There has been no credible evidence to prove that members of the Islamic State are planning to use the porous southern border to enter the United States from Mexico, Department of Homeland Security officials told Congress on Wednesday. Instead, administration officials are more concerned about ISIS jihadists entering the U.S. through commercial airline flights.

Although a senior Homeland Security (DHS) official, Francis Taylor, told senators that ISIL supporters are known to be plotting ways to infiltrate the United States through the border, another DHS spokesperson claimed that there was "no credible intelligence to suggest that there is an active plot by ISIL to attempt to cross the southern border," Washington Free Beacon reported.

"There have been Twitter, social media exchanges among ISIL adherents across the globe speaking about that as a possibility," Taylor told Sen. John McCain (R., Ariz.) in response to a question about "recent reports on Twitter and Facebook of messages that would urge infiltration into the U.S. across our southwestern border."

The Homeland Security testimony cast in doubt the border scenarios cited by conservative lawmakers such as Sen. Ted Cruz of Texas, Fox News reported.

"We don't have any credible information, that we are aware of, of known or suspected terrorists coming across the border," Jennifer Lasley, a senior official in the Department of Homeland Security's intelligence and analysis office, told the House Homeland Security border security subcommittee.

"Certainly any infiltration across our border would be a threat," Taylor said, explaining that border security agents are working to tighten measures that would prevent this from taking place.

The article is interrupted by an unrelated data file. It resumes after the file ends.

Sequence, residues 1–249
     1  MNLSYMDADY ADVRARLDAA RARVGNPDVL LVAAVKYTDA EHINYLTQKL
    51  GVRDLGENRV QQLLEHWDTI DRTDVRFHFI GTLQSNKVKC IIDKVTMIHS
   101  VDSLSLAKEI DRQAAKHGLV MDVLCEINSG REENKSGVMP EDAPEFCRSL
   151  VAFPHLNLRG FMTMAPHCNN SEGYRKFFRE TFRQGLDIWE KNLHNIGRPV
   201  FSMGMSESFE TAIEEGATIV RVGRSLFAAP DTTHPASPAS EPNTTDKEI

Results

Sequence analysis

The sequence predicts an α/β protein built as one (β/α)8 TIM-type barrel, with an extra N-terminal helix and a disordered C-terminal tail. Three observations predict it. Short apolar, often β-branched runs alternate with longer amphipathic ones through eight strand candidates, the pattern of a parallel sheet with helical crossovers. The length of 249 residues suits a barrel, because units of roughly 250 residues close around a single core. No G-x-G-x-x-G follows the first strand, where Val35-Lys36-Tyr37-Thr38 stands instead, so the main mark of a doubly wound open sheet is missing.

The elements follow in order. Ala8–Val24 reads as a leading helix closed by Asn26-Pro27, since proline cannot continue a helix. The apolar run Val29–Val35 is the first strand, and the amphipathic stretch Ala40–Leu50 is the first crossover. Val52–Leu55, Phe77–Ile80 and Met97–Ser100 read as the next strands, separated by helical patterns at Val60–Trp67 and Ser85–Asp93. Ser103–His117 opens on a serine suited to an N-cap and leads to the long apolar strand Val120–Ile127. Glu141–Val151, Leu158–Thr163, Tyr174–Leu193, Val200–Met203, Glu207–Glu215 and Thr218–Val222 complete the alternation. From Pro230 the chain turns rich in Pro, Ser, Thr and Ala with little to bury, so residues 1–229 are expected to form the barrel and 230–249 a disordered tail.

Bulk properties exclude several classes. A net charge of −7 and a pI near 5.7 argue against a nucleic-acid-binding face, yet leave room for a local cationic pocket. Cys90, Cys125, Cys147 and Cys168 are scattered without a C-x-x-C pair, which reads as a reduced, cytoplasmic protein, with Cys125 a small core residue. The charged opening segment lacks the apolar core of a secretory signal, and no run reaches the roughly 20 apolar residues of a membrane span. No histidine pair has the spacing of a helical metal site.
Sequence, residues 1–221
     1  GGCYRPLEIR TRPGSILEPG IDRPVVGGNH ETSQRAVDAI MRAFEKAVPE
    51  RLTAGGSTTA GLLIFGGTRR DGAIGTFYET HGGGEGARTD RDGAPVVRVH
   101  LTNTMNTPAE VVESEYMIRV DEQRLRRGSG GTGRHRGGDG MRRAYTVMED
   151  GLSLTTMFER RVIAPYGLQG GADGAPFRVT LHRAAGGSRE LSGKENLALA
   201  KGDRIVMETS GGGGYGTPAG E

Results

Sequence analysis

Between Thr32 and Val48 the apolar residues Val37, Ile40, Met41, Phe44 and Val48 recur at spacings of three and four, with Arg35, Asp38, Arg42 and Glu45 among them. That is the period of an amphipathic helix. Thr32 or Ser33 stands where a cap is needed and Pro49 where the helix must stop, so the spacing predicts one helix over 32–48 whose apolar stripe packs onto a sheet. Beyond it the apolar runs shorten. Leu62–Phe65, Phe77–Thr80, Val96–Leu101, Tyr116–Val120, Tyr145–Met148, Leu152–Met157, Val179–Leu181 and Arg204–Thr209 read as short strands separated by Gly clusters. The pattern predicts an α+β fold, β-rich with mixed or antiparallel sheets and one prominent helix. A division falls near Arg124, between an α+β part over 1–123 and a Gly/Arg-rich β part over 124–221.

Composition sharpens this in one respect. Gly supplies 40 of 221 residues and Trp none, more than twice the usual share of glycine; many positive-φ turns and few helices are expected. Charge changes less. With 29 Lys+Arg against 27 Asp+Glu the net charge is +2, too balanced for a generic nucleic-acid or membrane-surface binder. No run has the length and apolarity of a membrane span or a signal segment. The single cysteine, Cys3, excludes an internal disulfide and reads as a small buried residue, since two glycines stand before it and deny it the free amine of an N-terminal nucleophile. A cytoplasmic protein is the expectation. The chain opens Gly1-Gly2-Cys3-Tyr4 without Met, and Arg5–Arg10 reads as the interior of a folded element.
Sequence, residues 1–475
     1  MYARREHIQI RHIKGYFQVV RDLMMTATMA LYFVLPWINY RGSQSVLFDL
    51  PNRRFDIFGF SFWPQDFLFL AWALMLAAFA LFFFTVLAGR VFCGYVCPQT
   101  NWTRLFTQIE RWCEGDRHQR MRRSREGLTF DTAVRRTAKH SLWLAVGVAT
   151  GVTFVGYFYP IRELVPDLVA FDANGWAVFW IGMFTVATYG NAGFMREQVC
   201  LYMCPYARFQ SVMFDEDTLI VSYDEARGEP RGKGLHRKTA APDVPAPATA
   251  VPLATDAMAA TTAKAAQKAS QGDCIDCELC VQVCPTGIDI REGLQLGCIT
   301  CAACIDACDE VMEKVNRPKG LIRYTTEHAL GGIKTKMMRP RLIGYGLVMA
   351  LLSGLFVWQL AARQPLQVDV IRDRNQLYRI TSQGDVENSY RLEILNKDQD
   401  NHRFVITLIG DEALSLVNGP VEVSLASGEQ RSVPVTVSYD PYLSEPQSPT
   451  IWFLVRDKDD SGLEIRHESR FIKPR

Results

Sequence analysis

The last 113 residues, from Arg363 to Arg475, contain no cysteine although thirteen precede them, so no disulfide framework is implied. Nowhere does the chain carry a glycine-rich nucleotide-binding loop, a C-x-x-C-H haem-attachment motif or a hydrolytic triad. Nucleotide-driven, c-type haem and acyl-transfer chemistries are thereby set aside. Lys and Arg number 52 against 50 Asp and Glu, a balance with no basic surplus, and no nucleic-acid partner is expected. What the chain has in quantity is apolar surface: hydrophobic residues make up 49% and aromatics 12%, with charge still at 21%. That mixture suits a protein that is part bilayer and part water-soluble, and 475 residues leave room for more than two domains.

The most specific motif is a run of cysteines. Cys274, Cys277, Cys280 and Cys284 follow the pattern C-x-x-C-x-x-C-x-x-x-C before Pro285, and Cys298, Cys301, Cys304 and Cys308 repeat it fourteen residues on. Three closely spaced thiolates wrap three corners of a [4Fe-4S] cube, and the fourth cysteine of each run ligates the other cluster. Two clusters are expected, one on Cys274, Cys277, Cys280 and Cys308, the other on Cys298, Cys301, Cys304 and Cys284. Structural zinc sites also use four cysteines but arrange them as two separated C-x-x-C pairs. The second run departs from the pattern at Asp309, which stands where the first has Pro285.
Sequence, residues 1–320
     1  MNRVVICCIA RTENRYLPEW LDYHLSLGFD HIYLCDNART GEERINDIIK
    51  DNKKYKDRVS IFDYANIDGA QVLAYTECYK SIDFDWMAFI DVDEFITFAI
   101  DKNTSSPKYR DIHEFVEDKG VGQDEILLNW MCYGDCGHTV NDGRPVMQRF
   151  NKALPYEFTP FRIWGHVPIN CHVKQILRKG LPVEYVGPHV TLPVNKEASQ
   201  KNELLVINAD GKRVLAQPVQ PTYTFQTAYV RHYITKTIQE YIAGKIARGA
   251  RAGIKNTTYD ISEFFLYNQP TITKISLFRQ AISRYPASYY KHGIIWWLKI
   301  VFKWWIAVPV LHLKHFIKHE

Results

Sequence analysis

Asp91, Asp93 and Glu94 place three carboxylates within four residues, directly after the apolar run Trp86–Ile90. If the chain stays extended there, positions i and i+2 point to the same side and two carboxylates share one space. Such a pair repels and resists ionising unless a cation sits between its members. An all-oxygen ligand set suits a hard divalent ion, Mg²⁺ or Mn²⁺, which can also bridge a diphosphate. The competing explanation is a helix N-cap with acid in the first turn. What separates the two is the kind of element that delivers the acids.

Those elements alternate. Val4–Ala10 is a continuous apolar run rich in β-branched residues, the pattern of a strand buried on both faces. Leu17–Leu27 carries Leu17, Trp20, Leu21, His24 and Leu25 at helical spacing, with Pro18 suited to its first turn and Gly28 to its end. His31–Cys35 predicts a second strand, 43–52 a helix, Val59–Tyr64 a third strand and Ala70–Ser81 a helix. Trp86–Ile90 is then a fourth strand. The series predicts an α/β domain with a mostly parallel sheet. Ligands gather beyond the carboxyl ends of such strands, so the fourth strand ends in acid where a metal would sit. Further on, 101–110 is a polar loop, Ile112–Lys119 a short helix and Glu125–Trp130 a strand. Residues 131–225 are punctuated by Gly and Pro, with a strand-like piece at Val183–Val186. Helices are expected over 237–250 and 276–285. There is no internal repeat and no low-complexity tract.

"I'm satisfied we have the intelligence and the capability on our border that would prevent that activity," Taylor, DHS undersecretary for intelligence, said.

However, citing recent videos featuring activist James O'Keefe's stunt to expose the lack of security present on America's northern border, McCain questioned why border agents had been unable to stop him.

When Taylor could not provide an answer, McCain said, "You can't answer it because they weren't there to stop him," according to Washington Free Beacon.

"The fact is there are thousands of people who are coming across our border who are undetected and not identified, and for you to sit there and tell me that we have the capability or now have the proper protections of our southwest border, particularly in light of the urgings over Facebook and Twitter [by ISIL] for people to come across our southwestern border, is a great concern to the citizens of my state."

There is little evidence to prove that ISIL militants or other terror actors would be stopped if they attempt to cross the border, McCain said.

"I don't think there's any doubt, I don't see when you look at ISIS and the growth and influence of ISIS that it would be logical [to claim they would be stopped], as they're saying on Facebook and Twitter, to come across our southwest border because they can get across," he said.

While numerous calls to heighten security along the border in the wake of the ISIS threat have been made by Cruz, McCain, and other lawmakers, officials told Congress that the administration of President Barack Obama is more concerned with jihadist fighters holding western passports and entering the U.S. legally on commercial airline flights.

"The number of known watch-listed persons we are encountering on the Southwest border is minimal compared to commercial aviation," said John Wagner, assistant commissioner in the U.S. Customs and Border Patrol's Office of Field Operations. "We're talking tens versus thousands."

Meanwhile, about 100 American citizens are reported to be fighting with the Islamic State in Iraq and Syria, with at least three Americans getting killed, including one in a suicide bombing, according to U.S. intelligence.

"Our concern remains that these individuals, if radicalized, could return to their home countries or to the U.S., and use their newly acquired skills to carry out attacks," Lasley testified.

"Although we currently have no credible information to indicate that [the Islamic State] is planning to attack the homeland," she said, "we remain concerned in the long term."